Butanol Biofuel Bandwagon
In 2006, chemical manufacturer DuPont and oil company BP announced a collaboration with British Sugar to convert sugar beets into butanol as a gasoline-blending additive in the UK. Now, it seems others are seeing the potential benefits of jumping aboard the butanol bandwagon. A research team at Washington University in St. Louis is, for instance, developing new techniques for making biofuel using butanol instead of the inferior alcohol ethanol.
Butanol is closely related chemically to ethanol; it has, however, two extra carbon atoms and their attendant hydrogens and so has a higher energy value. In terms of storage and handling, it is less corrosive than ethanol and has several other advantages. More to the point, it can be made from woody and plant biomass, straw, agricultural residues, corn fiber and husks, and sugar beets, most of which contain a large proportion of cellulose and some lignin.
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Assistant professor of energy, environmental and chemical engineering at WUSTL, Lars Angenent, is working with pre-treated corn fiber, a byproduct of the corn-to-ethanol production process with collaborators at the United States Department of Agricultural (USDA) research facility in Peoria, Illinois. For their part, USDA researchers Bruce Dien and Michael Cotta have developed and employed physical and chemical techniques that make the otherwise hard to digest ligno-cellulosic material into a more amenable material prior to digestion.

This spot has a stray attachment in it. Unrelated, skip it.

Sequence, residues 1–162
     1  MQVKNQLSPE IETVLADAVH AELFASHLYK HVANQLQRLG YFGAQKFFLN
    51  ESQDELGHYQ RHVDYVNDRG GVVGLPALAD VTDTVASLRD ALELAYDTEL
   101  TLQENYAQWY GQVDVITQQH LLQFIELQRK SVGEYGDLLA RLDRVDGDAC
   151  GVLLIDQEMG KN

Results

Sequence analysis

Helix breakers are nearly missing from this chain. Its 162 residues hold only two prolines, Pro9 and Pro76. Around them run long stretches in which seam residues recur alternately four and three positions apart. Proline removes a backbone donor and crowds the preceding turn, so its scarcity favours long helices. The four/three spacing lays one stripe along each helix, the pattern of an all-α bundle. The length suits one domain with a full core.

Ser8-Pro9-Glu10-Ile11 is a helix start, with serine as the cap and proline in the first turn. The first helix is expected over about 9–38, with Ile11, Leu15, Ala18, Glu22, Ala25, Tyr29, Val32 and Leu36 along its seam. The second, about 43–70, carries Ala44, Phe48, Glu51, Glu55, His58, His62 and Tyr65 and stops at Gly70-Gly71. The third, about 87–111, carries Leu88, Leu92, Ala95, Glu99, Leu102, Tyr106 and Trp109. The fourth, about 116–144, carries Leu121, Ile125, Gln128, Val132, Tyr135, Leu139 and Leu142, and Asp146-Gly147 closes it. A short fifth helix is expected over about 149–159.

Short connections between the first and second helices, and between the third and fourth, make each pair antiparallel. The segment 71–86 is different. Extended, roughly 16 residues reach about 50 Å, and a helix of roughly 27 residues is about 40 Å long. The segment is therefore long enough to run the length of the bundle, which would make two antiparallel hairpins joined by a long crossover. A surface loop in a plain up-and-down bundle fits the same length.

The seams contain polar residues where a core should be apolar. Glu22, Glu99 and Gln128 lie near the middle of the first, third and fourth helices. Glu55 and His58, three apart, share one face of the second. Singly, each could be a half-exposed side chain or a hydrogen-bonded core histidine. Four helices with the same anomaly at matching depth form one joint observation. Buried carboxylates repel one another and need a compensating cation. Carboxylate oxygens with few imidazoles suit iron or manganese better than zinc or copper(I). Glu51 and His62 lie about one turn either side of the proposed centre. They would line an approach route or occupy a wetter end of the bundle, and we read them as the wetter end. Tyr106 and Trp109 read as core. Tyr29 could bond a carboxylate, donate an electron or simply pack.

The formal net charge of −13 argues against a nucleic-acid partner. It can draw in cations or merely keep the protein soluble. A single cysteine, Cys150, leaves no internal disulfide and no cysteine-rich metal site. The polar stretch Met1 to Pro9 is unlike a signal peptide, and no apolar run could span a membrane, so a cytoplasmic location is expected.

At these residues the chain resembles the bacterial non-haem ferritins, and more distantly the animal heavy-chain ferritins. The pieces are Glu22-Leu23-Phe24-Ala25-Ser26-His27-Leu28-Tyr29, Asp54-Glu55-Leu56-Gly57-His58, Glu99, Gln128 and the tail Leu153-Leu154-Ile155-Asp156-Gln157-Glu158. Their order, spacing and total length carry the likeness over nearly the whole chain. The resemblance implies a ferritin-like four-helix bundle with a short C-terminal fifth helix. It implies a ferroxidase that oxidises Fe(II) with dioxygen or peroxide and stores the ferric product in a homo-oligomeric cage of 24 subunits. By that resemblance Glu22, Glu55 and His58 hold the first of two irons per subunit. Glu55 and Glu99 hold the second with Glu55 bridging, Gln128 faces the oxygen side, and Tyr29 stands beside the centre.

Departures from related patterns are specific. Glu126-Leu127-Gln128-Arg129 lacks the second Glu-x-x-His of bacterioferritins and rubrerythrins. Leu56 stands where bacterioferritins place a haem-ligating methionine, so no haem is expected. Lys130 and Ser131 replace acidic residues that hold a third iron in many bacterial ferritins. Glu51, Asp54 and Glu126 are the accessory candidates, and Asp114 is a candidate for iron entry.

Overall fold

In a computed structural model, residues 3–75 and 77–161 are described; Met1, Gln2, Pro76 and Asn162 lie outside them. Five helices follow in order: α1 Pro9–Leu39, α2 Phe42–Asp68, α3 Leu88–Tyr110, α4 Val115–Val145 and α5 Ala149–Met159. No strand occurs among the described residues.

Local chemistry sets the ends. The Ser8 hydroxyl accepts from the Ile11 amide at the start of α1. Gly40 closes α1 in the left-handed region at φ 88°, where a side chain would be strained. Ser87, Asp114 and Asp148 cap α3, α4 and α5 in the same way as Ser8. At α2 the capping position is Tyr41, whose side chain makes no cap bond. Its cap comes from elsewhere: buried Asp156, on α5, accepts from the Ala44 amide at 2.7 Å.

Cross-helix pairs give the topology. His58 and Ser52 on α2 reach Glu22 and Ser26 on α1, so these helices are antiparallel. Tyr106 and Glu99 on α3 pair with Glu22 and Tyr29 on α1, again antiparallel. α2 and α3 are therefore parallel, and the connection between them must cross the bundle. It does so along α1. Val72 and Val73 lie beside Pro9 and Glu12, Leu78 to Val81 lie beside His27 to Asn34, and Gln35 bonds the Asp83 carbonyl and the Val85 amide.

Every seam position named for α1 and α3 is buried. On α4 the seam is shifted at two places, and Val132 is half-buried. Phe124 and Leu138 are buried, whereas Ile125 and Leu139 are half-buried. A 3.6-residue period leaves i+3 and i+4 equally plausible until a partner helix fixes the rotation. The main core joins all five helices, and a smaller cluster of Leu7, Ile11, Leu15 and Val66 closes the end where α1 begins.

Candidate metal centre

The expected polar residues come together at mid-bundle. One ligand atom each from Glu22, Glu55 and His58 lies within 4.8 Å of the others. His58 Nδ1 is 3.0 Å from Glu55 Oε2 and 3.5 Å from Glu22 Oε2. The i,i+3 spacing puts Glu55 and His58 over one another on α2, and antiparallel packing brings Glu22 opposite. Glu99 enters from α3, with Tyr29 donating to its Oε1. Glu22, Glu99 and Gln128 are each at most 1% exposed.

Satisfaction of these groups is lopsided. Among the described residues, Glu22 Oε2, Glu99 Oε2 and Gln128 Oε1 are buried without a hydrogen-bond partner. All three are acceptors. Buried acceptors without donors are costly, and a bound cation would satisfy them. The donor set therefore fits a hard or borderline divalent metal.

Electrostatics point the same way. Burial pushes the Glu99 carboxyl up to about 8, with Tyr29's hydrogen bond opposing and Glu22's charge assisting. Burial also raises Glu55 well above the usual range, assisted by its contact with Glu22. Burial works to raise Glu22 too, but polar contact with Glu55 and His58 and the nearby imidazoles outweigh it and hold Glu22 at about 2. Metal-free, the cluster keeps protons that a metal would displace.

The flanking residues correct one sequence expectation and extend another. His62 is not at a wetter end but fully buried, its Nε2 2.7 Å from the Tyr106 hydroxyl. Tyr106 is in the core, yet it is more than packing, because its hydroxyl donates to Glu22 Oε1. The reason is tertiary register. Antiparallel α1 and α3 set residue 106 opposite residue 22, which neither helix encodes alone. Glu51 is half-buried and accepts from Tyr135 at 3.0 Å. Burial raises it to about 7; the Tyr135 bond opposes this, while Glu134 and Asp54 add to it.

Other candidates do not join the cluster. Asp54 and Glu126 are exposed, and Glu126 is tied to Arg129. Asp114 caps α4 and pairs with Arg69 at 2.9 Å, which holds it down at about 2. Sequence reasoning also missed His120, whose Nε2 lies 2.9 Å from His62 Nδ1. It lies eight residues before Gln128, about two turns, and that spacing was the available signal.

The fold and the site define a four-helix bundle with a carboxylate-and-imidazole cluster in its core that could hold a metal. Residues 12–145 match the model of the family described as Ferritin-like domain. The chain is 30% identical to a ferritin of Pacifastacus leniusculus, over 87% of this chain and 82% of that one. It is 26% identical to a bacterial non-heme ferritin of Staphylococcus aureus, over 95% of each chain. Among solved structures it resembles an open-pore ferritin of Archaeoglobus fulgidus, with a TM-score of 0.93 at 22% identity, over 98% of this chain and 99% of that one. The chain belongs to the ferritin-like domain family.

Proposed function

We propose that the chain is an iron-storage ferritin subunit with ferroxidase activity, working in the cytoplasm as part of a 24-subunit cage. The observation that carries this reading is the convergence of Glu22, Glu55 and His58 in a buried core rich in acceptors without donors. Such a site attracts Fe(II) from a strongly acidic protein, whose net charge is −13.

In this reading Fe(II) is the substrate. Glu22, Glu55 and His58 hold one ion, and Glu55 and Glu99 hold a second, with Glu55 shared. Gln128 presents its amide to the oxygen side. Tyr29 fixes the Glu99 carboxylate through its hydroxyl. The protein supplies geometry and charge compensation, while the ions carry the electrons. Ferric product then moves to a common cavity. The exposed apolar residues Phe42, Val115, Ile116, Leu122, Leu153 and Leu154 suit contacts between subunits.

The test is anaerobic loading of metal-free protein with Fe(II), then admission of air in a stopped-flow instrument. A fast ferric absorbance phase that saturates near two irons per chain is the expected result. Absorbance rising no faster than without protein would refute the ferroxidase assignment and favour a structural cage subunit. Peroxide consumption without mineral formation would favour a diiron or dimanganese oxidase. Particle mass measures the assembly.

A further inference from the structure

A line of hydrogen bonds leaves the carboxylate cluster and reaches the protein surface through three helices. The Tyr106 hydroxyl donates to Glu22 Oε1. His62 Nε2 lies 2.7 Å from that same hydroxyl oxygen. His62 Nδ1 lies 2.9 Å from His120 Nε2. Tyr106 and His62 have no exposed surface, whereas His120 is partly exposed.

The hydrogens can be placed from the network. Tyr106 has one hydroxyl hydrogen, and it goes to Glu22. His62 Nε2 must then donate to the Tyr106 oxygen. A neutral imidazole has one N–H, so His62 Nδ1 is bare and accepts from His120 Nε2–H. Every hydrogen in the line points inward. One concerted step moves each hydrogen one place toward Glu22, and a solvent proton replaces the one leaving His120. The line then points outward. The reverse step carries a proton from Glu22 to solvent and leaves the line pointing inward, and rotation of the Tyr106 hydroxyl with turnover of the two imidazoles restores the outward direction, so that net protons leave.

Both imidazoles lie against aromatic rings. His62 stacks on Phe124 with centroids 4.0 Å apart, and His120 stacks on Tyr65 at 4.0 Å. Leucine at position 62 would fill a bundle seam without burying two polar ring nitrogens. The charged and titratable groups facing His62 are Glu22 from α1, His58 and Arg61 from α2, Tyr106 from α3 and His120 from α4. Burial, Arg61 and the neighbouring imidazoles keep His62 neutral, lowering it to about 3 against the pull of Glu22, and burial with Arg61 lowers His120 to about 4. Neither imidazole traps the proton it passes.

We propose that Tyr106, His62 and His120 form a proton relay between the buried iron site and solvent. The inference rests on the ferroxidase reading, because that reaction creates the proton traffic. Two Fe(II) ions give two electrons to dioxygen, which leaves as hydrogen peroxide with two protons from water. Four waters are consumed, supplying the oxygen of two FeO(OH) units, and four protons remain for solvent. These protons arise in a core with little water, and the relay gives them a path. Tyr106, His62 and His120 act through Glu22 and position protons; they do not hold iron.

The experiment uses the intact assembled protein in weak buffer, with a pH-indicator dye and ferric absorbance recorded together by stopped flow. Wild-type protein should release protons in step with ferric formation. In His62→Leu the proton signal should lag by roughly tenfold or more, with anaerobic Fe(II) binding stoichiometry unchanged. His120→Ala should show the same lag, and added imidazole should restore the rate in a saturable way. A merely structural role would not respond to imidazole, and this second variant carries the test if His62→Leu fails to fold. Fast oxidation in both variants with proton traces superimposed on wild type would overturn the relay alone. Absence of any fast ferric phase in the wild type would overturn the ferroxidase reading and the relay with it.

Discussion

Angenent and his colleagues then place the ligno-cellulosic biomass into digesters that are comprised of a selected mixed culture of thousands of different microbes. These microbes ferment the biomass, analogously to the way yeast ferment sugar into ethanol, but the product of the digester process is butyric acid. Butyric acid is the carboxylic acid precursor to butanol. A final fermentation process is then applied to this compound in Peoria by colleague Nasib Qureshi, which converts the butyric acid into butanol itself.
"The thrust of my lab is the use of mixed cultures," explains Angenent. "The advantage of mixed cultures is that it can take just about any waste material, and through our manipulations, convert it into something valuable." He adds that by altering the acidity, or pH, of the culture, it is possible to produce methane gas, this is produced at neutral pH. At lower pH (more acidic), butyric acid, or more properly butyrate ions are produced ready for conversion into butanol by biochemical removal of an oxygen atom.
"Ligno-cellulosic biomass is plentiful, renewable, and a good way to deal with wastes," adds Angenent. "By using it, we open the door for better economic opportunities for crop producers and rural communities. And because this kind of biomass is carbon-neutral, we don't worry about carbon dioxide being released into the atmosphere."